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Zac DavisOctober 12, 2023
Participants pray in the Vatican's Paul VI Audience Hall at the beginning of a working session of the assembly of the Synod of Bishops Oct. 10, 2023. (CNS photo/Lola Gomez)

Today is my fourth wedding anniversary. In a typical year, my wife and I would be getting ready for a weekend getaway somewhere upstate, filled with flannel and apple cider and leaf peeping. This is not a typical year: I am here in Rome covering the Synod on Synodality. 

It’s a great privilege to help bring news of this historic church meeting, so I am not looking for sympathy. (We are working hard, but we’ve also managed to try some great gelato and wine.) But today, I am grateful to have a spouse who is supportive of my career. And being a Catholic couple, we hold that feasts are moveable: We’ll celebrate in Rome later this month. Today, I am thinking about the things that delegates have left behind back home in order to be here for this month-long event.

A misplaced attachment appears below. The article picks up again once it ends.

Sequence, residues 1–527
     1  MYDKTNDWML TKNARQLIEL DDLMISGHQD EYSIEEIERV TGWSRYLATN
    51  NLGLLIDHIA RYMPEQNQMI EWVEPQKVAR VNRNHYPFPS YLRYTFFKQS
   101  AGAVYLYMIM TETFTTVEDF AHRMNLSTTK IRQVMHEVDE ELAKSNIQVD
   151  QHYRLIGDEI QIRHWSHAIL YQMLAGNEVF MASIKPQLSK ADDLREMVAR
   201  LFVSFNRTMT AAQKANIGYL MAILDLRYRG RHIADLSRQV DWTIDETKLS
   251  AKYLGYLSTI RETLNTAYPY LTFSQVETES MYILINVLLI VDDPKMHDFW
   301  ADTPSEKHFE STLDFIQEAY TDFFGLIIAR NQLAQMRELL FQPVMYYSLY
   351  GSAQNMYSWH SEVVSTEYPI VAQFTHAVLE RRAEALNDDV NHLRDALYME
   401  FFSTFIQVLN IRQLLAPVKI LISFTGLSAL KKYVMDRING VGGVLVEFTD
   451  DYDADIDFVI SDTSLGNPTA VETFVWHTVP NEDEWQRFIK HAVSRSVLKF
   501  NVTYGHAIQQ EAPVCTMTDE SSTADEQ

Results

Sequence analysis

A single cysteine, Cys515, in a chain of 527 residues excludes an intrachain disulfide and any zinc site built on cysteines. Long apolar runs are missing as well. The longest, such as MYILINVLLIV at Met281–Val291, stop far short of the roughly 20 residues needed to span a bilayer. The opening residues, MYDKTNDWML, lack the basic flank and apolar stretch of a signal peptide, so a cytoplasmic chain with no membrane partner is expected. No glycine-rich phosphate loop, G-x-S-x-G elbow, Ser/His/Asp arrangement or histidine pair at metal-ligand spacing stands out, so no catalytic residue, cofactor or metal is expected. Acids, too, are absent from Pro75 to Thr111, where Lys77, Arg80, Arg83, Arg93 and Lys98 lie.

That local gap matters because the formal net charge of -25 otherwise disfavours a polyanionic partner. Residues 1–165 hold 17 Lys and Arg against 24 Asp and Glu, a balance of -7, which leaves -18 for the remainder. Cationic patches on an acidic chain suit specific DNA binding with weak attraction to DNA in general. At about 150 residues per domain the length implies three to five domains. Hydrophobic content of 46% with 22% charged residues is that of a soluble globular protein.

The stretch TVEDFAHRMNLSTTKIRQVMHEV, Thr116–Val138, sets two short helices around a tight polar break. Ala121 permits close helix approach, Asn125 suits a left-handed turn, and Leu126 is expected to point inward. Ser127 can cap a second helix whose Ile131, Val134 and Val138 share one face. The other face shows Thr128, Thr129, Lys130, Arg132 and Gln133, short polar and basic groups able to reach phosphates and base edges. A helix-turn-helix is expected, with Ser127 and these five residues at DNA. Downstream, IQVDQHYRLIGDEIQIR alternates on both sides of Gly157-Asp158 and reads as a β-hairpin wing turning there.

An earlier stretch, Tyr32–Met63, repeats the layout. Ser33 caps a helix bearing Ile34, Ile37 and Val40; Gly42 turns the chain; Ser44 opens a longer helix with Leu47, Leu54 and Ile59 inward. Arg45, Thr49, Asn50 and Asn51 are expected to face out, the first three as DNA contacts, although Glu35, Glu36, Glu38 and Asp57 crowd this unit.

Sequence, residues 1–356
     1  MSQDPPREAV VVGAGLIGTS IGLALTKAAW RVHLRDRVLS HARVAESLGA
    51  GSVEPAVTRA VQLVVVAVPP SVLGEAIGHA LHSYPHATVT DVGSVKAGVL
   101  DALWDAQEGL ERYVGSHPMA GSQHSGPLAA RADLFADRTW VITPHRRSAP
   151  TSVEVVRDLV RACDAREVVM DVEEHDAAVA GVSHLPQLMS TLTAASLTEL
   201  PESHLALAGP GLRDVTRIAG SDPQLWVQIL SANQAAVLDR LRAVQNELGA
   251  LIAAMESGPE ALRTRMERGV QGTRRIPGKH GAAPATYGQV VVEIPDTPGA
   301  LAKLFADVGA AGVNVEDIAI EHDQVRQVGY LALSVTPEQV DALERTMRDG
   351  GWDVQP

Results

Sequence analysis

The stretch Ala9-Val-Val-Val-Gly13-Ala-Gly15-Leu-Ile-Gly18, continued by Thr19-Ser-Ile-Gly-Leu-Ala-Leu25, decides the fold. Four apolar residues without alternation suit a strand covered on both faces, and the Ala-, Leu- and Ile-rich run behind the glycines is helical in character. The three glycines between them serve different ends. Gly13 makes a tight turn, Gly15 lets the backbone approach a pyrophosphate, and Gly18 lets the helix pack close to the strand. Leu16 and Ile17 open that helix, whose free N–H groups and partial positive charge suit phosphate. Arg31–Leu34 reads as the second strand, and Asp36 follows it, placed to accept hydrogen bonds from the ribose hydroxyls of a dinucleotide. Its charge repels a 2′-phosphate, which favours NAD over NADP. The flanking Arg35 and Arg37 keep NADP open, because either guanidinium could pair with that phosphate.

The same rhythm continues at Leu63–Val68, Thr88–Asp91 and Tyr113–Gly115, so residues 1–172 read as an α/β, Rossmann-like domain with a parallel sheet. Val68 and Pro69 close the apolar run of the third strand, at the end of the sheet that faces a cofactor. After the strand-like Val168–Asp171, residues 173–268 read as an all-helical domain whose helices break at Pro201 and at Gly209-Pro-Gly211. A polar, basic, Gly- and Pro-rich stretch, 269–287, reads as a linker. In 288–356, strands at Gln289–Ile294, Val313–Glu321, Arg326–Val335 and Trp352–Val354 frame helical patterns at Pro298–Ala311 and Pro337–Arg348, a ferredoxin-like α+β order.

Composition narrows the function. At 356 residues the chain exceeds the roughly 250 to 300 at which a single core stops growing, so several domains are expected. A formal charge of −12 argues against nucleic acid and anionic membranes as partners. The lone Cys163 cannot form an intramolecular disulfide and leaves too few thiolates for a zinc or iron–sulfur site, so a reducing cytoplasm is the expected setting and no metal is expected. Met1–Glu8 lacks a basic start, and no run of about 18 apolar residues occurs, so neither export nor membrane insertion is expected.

In one sense, it was probably easy for delegates to answer the call: I’m sure that it’s an honor to participate in such a historic event in the life of the church. If the pope calls, you go, after all. But I am thinking about all the things that people had to coordinate and sacrifice to be in Rome for one month (not to mention another October in 2024), on just a few months notice: caring for an elderly parent, child care, college classes, career obligations. Many dioceses are deprived of their bishops, religious orders of some of their leaders. 

One of the incredible new parts of this year’s synod is the deep involvement of lay people throughout the process. And even though it brings its own inconveniences, bishops assume that occasional trips to Rome is part of the job. If we want a church that involves all the baptized at all levels, then the laity will have to shoulder some of these sacrifices (and financial obligation—someone has to foot the bill!). It’s easy to get caught up in doctrine and theology, but these are concrete issues that deserve our attention if we ever want to make a truly synodal church a reality. 

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